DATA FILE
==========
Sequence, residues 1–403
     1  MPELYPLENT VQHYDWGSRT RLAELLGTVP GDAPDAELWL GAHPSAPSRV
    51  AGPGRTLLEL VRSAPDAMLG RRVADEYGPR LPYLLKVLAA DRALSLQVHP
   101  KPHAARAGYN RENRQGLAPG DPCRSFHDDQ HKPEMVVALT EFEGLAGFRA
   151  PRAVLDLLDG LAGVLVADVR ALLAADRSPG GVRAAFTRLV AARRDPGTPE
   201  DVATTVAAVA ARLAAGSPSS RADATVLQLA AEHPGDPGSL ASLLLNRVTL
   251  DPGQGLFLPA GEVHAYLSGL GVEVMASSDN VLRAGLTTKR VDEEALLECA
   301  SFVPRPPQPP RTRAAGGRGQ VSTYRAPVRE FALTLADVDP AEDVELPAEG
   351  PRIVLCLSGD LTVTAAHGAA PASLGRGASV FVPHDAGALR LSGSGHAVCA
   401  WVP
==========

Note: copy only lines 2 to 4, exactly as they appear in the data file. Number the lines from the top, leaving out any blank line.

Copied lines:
     1  MPELYPLENT VQHYDWGSRT RLAELLGTVP GDAPDAELWL GAHPSAPSRV
    51  AGPGRTLLEL VRSAPDAMLG RRVADEYGPR LPYLLKVLAA DRALSLQVHP
   101  KPHAARAGYN RENRQGLAPG DPCRSFHDDQ HKPEMVVALT EFEGLAGFRA